The crafts centre receives few callers — this is Maher’s first visit here despite decades of guiding — but Mamdouh happily shows me around. Women chat while painting lozenges like teardrops on jugs. A man punches white clay into a mould then peels out a tile of beautiful interlocking stars. Other moulds have webs of hexagons or lotus flowers — all designs from historic Cairene mosques. Because of Islamic traditions that avoided representing living creatures, complex geometry was one art form that came without the risk of straying into idolatry.

Gamal Ahmed Shosha straddles a potter’s wheel. His mother was a potter, and his grandmother and her mother. “I had no choice,” he says, with a grin. Imported white clay is tougher, but soft red clay of Nile silt is better for pottery. “Look,” he says. He presses a metal strip into a spinning bowl. Ribbons of ochre clay spool to the floor. The crude bowl refines into beauty.

The best stuff is in a gallery-shop: flawless marquetry boxes; bead necklaces fit for queens; intricate brass bowls; gypsum panels like cobwebs; and those tiles, now blazing with colour and framed. Such work once decorated the palaces of the elite. It’s part of Egyptian identity, Mamdouh says: “These crafts are unique, like songs and language, and some of the designs are 1,000 years old. But if we don’t support them, it will all be ‘Made in China’.”

The art of the pharaohs is as remote from modern Egypt as the works of ancient Britons are from us. In the absence of a living tradition, it’s all too easy to give way to cheap knock-offs. “We can’t let that happen to Coptic and Islamic art,” says Mamdouh. That’s why the centre, backed by the UK’s Prince’s Foundation, hosts 20 students a year, mostly young women, who train in the old crafts.

Into the souks

Ask Cairo locals about crafts and they’ll point you to Khan el-Khalili souk in the old city. It’s an experience as much as a retail opportunity. If the pyramids conceal their secrets, here all is on show: shisha pipes and silver, telescopes and antique telephones, jewels and junk. You have the sense that, whatever your desire, it lies within these labyrinthine medieval alleys. 

I want to do more than buy, though. I want to meet the makers. On Al Moez Street, amid some of the greatest architecture in medieval Islam, Khaled Mohamed delicately hammers the goddess Isis onto a copper disk outside his shop, Al Moez Silver. Behind him hang plates, their kaleidoscopic engraving seeming to whirl as you look. The 51-year-old learned his trade aged 12 from his father, who learned from his father, who learned from a Cairene artisan, until you’re back in a 14th-century golden age under the Mamluk sultans. “This doesn’t require talent if you know the rules — I’m one percent the artist of my father,” Khaled says. “The secret is to love what you do.”

Money problems since the 2011 Egyptian Revolution have closed his engraving school. Yet Khaled’s main problem is us: “Ninety percent of tourists think my plates are made in a factory. They think I do this for show.” You can see why. His work is pure precision.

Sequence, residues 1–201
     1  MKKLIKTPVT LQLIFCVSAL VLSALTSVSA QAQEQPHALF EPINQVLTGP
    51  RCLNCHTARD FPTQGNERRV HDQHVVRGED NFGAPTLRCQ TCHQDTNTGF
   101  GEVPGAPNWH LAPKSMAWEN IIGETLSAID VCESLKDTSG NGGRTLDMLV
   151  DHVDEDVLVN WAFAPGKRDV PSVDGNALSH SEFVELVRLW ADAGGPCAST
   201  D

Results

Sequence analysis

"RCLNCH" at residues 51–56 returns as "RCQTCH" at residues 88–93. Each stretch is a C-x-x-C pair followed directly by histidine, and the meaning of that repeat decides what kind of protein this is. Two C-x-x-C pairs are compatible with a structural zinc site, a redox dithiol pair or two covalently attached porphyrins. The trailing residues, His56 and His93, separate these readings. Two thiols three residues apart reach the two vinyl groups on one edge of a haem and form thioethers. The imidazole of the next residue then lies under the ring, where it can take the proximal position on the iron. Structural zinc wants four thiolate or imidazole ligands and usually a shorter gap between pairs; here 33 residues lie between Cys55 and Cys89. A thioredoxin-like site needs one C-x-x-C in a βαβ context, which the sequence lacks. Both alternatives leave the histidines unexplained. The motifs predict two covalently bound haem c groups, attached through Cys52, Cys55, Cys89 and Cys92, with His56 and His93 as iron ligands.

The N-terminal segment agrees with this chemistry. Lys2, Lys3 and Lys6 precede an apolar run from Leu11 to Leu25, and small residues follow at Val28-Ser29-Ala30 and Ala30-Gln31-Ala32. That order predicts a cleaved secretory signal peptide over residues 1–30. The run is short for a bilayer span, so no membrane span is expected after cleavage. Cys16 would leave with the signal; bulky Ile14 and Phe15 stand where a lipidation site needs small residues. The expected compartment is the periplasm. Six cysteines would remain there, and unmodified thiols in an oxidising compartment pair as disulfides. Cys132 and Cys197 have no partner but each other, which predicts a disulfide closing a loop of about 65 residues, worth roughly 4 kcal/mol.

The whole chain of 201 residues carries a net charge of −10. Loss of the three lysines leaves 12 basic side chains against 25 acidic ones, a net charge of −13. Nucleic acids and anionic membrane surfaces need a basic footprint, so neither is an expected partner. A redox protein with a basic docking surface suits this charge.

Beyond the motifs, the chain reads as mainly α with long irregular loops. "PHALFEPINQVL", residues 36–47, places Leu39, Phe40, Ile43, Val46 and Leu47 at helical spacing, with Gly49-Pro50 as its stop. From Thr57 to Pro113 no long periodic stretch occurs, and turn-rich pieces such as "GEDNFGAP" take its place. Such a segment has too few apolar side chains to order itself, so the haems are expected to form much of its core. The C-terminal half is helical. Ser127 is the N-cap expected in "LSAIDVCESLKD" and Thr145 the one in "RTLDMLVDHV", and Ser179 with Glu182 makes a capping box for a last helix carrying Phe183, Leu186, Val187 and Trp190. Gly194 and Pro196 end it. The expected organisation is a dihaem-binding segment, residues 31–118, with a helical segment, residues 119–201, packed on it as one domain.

Cairo skyline
The best time to visit Khan el-Khalili souk is in the evening, when the streets fill up with local people.PHOTOGRAPH BY SLAWEK KOZDRAS

Al Moez Silver is just the first stop on my crafts treasure hunt through Khan el-Khalili. At the top of narrow stairs in Jordi Passage, I find Achmed Mahmoud soldering gems into a bracelet in a no-name workshop. Bracelets, frames, rings, silver amulets — he’ll hand-produce whatever you want. “I have hundreds of designs,” he says with a wave at shelves of metal weights. He slams one onto paper and its embossed image appears on the sheet — a dove, a template to be hacksawed and polished up within three hours. Such is the skill of a 62-year-old who has worked since he was nine. 

I switch to the adjacent Al Azhar quarter. It’s quieter, more local. Among Arabic pop songs jingling from cafes and women with hillocks of flatbread, I stumble upon shoebox workrooms I’m sure I’ll never find again. I meet Bahan and Hesham gluing minute mother-of-pearl triangles onto wooden boxes. It’s easy to dismiss such souvenir favourites until you learn their traditional history as boxes for dowries, or that mother-of-pearl inlay was an Ancient Egyptian trick to prettify poor wood.

Behind Al Azhar mosque, Mohamed ‘Mimi’ Amin shows me 45 years’ worth of expertise casually lying around his workshop; here a beautiful star lantern for Ramadan and a heart-shaped amulet with turquoise “to prevent jealousy”; there, a lamp with kissing peacocks within a thicket of brass. “That design came from an early Coptic chandelier. I’m not rich but these designs are my capital. They’re historic. They have proven their beauty,” he says. 

Cairo skyline
Mohamed ‘Mimi’ Amin helps keep the craft tradition alive in Al Azhar district, fixing traditional lanterns.PHOTOGRAPH BY SLAWEK KOZDRAS

By Mary Aravanis